Colds and Kids: What You Should Know

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CBN.com - Colds are probably the most common type of infection in children. The average child has 6 - 8 colds each year, and children in daycare can have even more. With each cold lasting 1 - 2 weeks, it may seem like your child is always sick.

What causes the cold in children?

  • The common cold is an upper respiratory tract infection caused by many strains of different viruses, most commonly rhinoviruses.
  • Because the common cold is caused by viruses, antibiotics are not effective against it and they will not help you get better any faster.

How does a child get a cold?

  • As with many upper respiratory tract infections, viruses are spread by respiratory droplets from an infected person’s nose or mouth.
  • The droplets can spread through the air and be breathed in by a child, or may land or be placed on another surface such as a toy, which is then touched by a child. If that child then touches their eyes or mouth, they can become infected.

What are the signs and symptoms of a cold?

  • sore throat
  • runny nose at first clear but then becomes yellow, brownish, or green
  • cough (may last up to 2 - 3 weeks)
  • fever (typically 101° - 102°)
  • decreased appetite

How long will it take my child to become ill after being exposed to someone else with a cold?

  • Remember, just because your child is exposed to an ill person does not necessarily mean they too will become ill.
  • But if your child is to become ill, it usually takes 2 to 3 days after being exposed.

How can a cold be diagnosed?

  • The cold is a clinical diagnosis, meaning that the diagnosis is based on the child’s symptoms and physical examination.

What is the treatment for the cold?

  • Plenty of rest and fluids
  • Acetaminophen (Tylenol) or ibuprofen (Advil, Motrin) for discomfort or fever
  • Antibiotics, which treat bacteria, are not helpful for the cold
  • To unstuff your child’s nose before bed, put a drop of saline nose drops in each nostril, and then suction with a bulb syringe.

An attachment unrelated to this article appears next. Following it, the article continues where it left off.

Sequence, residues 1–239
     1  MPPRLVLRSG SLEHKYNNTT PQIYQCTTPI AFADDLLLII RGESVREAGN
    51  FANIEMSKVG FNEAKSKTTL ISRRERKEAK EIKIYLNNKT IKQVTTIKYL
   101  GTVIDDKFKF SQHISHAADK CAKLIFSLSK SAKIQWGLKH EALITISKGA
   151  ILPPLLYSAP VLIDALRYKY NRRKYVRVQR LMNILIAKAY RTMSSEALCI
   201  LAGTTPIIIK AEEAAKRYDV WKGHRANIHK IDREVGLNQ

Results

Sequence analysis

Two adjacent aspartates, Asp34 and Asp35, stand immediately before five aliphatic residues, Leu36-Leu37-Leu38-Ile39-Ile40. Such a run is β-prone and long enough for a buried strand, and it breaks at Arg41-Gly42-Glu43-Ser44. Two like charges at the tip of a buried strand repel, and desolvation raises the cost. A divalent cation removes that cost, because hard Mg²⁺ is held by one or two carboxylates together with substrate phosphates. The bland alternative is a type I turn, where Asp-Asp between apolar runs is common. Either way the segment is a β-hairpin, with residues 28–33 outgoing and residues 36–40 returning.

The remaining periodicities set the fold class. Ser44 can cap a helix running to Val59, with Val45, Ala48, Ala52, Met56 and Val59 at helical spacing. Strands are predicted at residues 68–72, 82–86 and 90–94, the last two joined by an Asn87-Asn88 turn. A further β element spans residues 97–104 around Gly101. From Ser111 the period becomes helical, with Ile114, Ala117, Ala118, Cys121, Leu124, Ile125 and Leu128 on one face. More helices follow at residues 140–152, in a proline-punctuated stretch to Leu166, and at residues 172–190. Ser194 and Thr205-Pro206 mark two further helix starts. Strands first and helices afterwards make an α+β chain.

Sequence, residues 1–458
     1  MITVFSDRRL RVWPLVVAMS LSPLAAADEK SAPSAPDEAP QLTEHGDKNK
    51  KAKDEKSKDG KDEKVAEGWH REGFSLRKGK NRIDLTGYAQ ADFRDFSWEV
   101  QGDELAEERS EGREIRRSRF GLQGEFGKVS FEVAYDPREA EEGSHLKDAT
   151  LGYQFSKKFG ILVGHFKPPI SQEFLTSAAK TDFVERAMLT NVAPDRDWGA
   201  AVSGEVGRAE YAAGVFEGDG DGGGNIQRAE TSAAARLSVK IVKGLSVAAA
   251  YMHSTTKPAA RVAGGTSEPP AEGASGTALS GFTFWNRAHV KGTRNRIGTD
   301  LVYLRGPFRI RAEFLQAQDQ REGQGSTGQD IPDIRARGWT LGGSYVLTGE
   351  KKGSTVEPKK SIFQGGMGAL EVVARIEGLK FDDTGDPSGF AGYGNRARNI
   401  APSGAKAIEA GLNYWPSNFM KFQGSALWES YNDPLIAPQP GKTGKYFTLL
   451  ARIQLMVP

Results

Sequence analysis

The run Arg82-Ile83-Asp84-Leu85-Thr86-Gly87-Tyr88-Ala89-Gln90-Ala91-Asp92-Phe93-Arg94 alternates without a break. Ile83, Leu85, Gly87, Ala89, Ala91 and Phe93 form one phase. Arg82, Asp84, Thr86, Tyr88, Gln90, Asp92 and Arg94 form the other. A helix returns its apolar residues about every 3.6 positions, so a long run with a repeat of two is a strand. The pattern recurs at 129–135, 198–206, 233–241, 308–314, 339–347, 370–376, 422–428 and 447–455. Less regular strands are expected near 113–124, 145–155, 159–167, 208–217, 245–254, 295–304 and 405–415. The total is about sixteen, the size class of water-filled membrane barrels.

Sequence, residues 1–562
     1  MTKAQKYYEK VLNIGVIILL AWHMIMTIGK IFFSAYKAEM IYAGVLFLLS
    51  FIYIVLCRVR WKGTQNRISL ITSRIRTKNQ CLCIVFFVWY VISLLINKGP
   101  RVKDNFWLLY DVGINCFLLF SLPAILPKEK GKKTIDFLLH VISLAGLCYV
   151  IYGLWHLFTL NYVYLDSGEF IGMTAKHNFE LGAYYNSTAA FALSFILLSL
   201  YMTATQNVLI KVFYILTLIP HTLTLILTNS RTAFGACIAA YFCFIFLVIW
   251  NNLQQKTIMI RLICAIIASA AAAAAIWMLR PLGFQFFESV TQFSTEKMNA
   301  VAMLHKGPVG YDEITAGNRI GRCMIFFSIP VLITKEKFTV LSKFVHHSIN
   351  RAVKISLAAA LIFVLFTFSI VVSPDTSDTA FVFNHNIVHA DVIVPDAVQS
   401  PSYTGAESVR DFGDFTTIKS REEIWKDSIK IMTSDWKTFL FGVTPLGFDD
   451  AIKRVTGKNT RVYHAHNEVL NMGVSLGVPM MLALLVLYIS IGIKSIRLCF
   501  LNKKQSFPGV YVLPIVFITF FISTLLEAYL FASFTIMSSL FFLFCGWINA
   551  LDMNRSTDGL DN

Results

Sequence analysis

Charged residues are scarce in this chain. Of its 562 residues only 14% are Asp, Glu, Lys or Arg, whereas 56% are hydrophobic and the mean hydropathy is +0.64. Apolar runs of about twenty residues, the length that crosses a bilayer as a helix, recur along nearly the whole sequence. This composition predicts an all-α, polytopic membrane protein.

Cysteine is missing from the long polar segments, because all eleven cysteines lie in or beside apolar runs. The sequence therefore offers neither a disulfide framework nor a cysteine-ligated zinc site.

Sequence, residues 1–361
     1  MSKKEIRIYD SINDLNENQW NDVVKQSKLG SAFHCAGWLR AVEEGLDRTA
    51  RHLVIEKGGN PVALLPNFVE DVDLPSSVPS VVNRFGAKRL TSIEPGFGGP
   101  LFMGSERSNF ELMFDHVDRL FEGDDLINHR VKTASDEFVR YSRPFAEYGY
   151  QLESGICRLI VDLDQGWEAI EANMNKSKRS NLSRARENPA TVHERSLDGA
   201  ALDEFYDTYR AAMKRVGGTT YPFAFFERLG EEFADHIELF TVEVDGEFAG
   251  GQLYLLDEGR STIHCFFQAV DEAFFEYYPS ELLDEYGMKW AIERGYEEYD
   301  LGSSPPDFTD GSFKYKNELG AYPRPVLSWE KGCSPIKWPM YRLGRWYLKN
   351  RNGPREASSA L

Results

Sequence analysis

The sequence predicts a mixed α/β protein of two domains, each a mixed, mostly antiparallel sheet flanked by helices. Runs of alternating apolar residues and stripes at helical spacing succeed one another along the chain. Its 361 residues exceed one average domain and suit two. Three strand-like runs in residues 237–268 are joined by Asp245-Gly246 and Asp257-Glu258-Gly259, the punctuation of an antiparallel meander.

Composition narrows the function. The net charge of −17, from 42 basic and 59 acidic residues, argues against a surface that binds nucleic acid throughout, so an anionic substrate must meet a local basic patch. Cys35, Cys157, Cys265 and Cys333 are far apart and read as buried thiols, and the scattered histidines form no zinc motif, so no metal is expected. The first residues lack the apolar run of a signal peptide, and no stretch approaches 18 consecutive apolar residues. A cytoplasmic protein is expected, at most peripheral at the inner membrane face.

• A cool-mist humidifier in your child’s room may keep nasal secretions moister.

The use of over-the-counter cough and cold medications (i.e. decongestants and/or cough suppressants) should be discussed with your doctor before use!

  • Many studies have failed to show a benefit of these medications in young children with a cold.
  • These medications can potentially have serious side effects after overdose or when given in correct doses including agitation, irritability, and hallucinations.
  • In 1997, the American Academy of Pediatrics issued a statement on the use of codeine- and dextromethorphan-containing cough remedies in children, concluding that physicians should educate parents about the known risks and lack of benefits of these medications.
  • New guidelines issued by the American College of Chest Physicians in January 2006 make a strong recommendation against the use of over-the-counter cough and cold medications for children age 14 years and younger.

Remember: More is not necessarily better and may put your child at risk.

How long will my child be sick with the cold?

  • Symptoms usually last 7 to 14 days and will resolve on their own.

When can my child return to daycare or school?
Each facility usually has its own rules, but in general, children can return to school when they:

  • Have no fever
  • Can eat and drink normally
  • Are rested and alert enough to pay attention in class

When should I call my pediatrician concerning a cold in my child?
You should call your doctor if your child has:

  • fever for more than two days
  • ear pain
  • nasal secretions lasting for more than 10 days
  • if your child appears dehydrated
  • or if your child is having trouble breathing

How can the cold be prevented?

  • Frequent hand washing is recommended to decrease the chance of becoming infected.
  • Because there are so many different strains of the different viruses that can cause a cold, it is difficult to develop a vaccine to prevent the infection.


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